If there is one big highlight of 2022 on the economic front, it is the way the Indian economy demonstrated resilience in navigating the storm of global headwinds emanating from the Russia-Ukraine conflict, the surge in commodity prices, and the impact of tightening global monetary policy cycle.
The strong macroeconomic fundamentals have placed it in good stead compared to other emerging market economies, but this is no time to let one’s guard down and continued vigilance is required as adverse global developments in form of further tightening of interest rates, relatively higher commodity prices could persist in 2023 as well.
This resilience came largely from robust domestic demand coupled with some astute macroeconomic management by policymakers and the Reserve Bank of India. The rupee may have in calendar year 2022 seen depreciation against the US dollar from a low of ₹74 to about ₹83 now, but it has shown strength against other leading currencies.
The Indian economy will see a further slowdown in 2023-24 due to the challenging external environment, but the solid domestic demand scenario could well be the buffer against a deeper downturn and may help partly offset the impact of rate hikes, a slowing global economy, and the need to reduce the balance-of-payments deficit.
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In 2023, though there is going to be no threat to India’s status of being the fastest-growing large economy in the world, but there will be challenges like the need to create meaningful jobs, further boost consumption among the common man, and bring back animal spirits of the private sector. However, the Government’s efforts of pump-priming the economy with a boost to public investment through a sharp increase in capital expenditure is expected to keep the growth momentum intact in 2023 as well.
Already Finance Minister Nirmala Sitharaman has dropped a hint that the upcoming Budget would keep the spirit of the earlier editions and was unlikely to reverse the reformist credentials of the current dispensation.
Andrew Wood, Director, Sovereign & International Public Finance Ratings, S&P Global Ratings, said that the sovereign is benefiting from a period of rapid nominal GDP growth and buoyant revenues. These dynamics are helping to stabilize key debt metrics including the debt-to-GDP ratio, and the Government’s interest burden, albeit at still-elevated levels, he said. “While this tailwind will fade heading into FY24, we still expect India to achieve solid growth next year,” Wood said.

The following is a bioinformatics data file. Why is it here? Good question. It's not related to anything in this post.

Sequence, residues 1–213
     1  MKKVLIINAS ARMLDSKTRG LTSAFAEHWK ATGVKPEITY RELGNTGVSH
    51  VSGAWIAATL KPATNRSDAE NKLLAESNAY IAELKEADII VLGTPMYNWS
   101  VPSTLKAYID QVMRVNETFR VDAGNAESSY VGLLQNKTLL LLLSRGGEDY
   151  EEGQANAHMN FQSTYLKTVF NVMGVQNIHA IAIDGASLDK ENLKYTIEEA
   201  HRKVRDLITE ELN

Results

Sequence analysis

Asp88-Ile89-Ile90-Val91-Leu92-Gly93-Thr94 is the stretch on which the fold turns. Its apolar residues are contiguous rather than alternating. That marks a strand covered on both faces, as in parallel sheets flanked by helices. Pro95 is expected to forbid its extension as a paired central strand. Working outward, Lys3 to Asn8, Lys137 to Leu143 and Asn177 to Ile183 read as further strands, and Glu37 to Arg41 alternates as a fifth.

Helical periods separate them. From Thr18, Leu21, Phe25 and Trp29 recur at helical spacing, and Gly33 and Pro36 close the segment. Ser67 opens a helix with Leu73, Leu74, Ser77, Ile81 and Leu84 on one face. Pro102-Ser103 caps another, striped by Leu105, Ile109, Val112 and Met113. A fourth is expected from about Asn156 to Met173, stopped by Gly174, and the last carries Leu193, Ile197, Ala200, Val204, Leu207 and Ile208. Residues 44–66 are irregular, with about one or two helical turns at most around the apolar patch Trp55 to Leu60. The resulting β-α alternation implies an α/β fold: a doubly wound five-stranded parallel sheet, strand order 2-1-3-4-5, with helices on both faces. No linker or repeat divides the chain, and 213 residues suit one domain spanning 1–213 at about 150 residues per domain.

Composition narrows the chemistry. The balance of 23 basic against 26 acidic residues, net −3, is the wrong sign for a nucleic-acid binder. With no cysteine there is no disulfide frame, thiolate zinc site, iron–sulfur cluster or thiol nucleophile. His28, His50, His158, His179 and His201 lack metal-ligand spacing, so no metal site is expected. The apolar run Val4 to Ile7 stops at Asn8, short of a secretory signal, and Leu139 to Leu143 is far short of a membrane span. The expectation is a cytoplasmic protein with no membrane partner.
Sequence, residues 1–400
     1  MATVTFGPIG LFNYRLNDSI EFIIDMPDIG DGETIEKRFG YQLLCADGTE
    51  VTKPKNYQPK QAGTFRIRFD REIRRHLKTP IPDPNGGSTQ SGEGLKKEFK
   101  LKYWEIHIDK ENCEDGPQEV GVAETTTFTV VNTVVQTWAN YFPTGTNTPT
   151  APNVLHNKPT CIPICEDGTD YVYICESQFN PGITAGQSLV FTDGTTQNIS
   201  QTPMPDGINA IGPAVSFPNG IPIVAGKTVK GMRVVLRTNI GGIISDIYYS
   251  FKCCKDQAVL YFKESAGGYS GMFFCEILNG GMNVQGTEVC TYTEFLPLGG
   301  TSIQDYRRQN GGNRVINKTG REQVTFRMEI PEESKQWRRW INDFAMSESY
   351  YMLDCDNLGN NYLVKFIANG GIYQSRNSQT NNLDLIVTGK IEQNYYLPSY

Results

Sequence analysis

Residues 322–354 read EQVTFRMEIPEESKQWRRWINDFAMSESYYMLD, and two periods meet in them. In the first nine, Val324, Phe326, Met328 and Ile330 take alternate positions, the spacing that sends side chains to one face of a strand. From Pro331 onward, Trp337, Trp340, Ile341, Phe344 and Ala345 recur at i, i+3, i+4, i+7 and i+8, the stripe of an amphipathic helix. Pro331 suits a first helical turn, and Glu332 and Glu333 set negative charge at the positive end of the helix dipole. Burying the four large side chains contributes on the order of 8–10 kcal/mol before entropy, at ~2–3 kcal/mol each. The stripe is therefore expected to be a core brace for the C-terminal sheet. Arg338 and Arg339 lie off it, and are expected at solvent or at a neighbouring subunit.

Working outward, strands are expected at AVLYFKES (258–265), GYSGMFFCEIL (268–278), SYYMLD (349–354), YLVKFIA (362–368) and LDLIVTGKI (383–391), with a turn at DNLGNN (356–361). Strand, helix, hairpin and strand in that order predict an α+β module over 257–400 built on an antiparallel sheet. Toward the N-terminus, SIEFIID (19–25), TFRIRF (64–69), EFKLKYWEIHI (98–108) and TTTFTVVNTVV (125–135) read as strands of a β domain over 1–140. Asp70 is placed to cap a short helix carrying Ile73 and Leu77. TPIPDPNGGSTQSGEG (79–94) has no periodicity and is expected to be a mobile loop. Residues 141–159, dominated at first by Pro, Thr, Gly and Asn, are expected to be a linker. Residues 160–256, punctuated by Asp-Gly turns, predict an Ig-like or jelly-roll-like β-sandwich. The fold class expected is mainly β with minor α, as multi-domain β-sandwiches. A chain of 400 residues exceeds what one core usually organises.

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Challenging external environment
“India bears some risks associated with the expected global slowdown, as well as higher interest rates and inflation, especially as tighter monetary policy continues to work its way through the system. However, we expect that its predominantly domestic-oriented economy and solid demand dynamics at home will act as a buffer against a deeper downturn,“ he said.
A challenging external environment will affect India’s economic outlook through different channels. However, the economy is well positioned to ride on the large domestic market and is relatively less exposed to international trade flows. Given the strong foreign investor interest in India, the current account deficit is adequately financed by improving foreign direct investment inflows and a solid cushion of foreign exchange reserves.
Madan Sabnavis, Chief Economist, Bank of Baroda, however, had a different take on India’s macroeconomic situation and resilience. He said that, numerically, India may grow 6 per cent plus in 2023-24, but it is not that the country is accelerating or doing very well. “Optically, we are doing better but fundamentals on the external side will get affected”, he said.
Impact on export
There is an advantage that India is doing better but the fact is the overall amount of money flowing into India in terms of investible funds will come down and “this will affect us on the investment front. Exports will see further slowdown”, he said.
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“To say India may be in a sweet spot or in a bright spot may be an oversimplification. We are also going to get affected by slowing exports and lower quantum of investment flows— people will become cagey in making international investments if inflation worries persist amid global slowdown,” Sabnavis said.
So far the impact of the global downturn in India has been less severe. The kind of buoyancy in tax revenues one saw in 2022 cannot be taken for granted in 2023 as persistent inflation has eaten up incomes and there is a lot of uncertainty on jobs.
The challenges on the domestic front in terms of reform agenda is going to be far more important for policymakers. T
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